Disaster in Deep Water

Originally published in The Mountain Astrologer, August/ September 2010.

It was apparent right away that what happened on April 20th in the Gulf of Mexico was no ordinary oil spill. Within days, the disaster moved through several meaning changes in the public mind: from that of an accident brought on by the failure of a mechanical device, to that of an example of how government fails to regulate oil companies, to that of a call to reevaluate our position on travesties against Nature.

The skies under which the Deep Water rig went down indicate to astrologers that disturbing questions are meant to be asked, right now, about the way we live in today’s world. It was a literal explosion that triggered an even more far-reaching kind of explosion: one of collective consciousness.

Americans in particular are being put through a crisis of values, signaled by the fact that the U.S. (Sibley) chart’s Jupiter-Venus conjunction supplies the final piece of what some astrologers are calling the Cardinal Climax. ((The Cardinal Climax refers to the T-square between Uranus, Pluto and Saturn (2010-11), which leads into the square between Uranus and Pluto (exact seven times between 2012 and 2015). The Sibley chart’s Venus-Jupiter conjunction makes the transiting T-square into a Grand Cross, tightly linking the fate of the USA with the epochal period associated in the mass mind with the year 2012.)) Watching as the plumes of black toxicity spread, week after week, into the waters off our southern coast, we are being forced to consider issues whose implications are themselves spreading from the particular to the global to the spiritual. These issues include the control over our lives wielded by big corporations, our fatal addiction to oil, the prioritization of the profit motive in the industrialized world, and, ultimately, the role of human beings in the web of life.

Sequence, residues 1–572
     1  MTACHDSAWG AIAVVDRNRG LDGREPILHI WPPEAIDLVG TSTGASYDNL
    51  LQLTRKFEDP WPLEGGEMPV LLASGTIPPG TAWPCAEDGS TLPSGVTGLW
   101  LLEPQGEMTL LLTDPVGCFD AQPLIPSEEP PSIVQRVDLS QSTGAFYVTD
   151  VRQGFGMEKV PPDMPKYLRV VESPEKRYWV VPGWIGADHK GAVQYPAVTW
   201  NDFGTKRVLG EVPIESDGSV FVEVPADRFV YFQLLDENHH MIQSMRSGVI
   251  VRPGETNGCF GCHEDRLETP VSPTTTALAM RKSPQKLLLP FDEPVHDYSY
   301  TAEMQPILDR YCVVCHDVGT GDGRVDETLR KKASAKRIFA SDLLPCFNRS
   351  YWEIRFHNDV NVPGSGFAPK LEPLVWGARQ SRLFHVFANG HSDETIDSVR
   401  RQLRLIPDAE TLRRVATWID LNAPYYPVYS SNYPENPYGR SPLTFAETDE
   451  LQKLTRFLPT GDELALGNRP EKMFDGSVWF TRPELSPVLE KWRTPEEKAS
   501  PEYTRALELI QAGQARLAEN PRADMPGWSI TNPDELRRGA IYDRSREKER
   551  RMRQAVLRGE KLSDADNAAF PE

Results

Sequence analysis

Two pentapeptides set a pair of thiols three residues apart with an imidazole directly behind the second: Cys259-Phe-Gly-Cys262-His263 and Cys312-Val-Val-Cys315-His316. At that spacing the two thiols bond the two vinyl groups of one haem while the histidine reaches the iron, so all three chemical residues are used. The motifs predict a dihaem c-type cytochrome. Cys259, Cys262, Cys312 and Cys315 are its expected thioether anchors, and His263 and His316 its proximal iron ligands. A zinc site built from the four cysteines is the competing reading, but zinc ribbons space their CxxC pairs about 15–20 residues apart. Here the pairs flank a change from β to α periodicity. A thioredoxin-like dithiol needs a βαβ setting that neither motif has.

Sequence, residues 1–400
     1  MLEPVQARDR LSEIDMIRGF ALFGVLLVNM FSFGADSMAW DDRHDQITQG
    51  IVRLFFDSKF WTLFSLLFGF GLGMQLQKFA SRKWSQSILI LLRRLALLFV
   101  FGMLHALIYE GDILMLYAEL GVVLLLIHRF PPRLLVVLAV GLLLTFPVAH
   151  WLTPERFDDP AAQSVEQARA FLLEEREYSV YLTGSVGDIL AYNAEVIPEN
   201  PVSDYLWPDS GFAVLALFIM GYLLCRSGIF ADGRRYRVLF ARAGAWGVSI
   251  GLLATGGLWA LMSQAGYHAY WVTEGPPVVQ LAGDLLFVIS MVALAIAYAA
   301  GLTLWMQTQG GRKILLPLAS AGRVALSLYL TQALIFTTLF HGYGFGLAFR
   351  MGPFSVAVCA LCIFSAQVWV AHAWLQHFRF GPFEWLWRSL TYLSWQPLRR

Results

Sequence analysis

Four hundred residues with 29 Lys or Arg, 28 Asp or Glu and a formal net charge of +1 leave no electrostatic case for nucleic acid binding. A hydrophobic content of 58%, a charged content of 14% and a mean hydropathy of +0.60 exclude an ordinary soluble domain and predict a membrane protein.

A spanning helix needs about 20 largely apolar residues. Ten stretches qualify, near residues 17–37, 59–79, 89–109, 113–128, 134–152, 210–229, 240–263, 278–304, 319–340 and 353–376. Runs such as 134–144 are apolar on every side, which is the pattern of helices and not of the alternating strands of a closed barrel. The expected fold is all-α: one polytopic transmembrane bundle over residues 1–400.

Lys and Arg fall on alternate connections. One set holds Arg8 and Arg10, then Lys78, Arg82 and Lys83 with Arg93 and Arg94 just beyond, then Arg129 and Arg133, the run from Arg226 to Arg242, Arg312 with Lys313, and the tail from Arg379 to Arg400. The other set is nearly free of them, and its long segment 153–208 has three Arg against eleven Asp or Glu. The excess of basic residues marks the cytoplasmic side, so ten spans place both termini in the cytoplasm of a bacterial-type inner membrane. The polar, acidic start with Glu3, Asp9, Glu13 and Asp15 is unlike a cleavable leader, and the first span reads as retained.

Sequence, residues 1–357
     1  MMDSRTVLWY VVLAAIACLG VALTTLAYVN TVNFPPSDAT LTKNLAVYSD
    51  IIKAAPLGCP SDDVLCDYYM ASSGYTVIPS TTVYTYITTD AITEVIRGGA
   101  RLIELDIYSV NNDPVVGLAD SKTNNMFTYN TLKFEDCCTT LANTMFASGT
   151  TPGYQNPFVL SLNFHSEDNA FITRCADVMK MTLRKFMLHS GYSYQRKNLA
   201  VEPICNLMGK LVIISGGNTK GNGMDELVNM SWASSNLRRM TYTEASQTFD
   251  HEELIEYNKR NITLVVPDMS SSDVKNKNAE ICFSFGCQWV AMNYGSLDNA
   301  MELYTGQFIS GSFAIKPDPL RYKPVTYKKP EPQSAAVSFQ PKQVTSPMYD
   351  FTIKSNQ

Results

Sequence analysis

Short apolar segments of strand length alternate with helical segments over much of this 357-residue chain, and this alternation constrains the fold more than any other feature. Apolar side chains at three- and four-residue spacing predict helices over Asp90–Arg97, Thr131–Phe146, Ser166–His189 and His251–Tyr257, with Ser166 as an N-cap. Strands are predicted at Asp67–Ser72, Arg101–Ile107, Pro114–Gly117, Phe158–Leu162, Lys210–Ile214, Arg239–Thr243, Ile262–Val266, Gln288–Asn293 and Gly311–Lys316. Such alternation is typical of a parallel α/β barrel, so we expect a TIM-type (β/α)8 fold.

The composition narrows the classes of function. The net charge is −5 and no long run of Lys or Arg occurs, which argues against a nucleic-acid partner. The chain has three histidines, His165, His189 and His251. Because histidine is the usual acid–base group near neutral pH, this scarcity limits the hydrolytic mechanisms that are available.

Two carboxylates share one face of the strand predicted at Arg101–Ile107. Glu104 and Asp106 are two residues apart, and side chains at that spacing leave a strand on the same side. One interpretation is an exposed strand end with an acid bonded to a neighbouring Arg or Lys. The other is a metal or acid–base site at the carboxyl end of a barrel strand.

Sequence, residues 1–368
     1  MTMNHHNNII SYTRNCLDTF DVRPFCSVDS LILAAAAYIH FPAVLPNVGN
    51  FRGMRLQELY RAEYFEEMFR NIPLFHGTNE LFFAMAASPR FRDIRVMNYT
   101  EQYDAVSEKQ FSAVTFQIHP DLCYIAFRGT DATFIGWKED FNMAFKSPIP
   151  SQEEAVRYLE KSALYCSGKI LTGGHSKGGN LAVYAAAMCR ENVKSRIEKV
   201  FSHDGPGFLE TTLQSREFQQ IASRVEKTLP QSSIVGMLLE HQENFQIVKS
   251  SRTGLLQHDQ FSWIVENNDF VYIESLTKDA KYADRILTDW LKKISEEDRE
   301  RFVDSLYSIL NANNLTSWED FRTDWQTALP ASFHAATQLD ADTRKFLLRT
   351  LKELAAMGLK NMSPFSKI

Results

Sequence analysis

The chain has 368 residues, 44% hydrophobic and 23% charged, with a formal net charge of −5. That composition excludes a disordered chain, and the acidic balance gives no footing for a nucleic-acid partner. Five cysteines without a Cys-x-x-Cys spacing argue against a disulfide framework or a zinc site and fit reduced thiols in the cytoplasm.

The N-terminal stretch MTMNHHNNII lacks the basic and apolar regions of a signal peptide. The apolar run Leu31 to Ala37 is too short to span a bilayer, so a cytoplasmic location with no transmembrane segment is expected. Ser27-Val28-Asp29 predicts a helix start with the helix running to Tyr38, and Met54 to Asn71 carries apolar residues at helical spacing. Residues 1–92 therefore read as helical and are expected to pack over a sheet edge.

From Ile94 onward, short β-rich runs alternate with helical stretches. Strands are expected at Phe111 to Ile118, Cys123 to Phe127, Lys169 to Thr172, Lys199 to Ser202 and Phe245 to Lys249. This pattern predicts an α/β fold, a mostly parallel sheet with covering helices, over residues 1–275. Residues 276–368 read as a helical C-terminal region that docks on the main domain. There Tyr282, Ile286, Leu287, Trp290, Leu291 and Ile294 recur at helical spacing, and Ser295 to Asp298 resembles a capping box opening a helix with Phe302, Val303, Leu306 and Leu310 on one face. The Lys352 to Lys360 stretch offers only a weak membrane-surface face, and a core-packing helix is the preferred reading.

In a telling synchronicity, this latest insult to the environment occurred a week before the 24th anniversary of the horrific meltdown at Chernobyl. It was also two days before Earth Day 2010, when many of us were already thinking about our checkered stewardship of this planet we call home.

Shocked and Appalled

The opposition of Uranus and Saturn (2008-2011) is the spine of the explosion chart. It was within a degree of exactitude, with Jupiter not far behind. What is being called the biggest oil accident in history (Jupiter signifies exaggerated size) occurred at the advent of the critical period that astrologers and other seers have long identified as a time of paradigm shifts for humanity.

The disaster broke into public awareness onto the scene during a season chock full of crises, including telluric disasters like earthquakes and tornadoes, extreme financial instability worldwide, military escalation in Korea, Central Asia and the Middle East… all of them heartrending issues that most of us would deny if we could.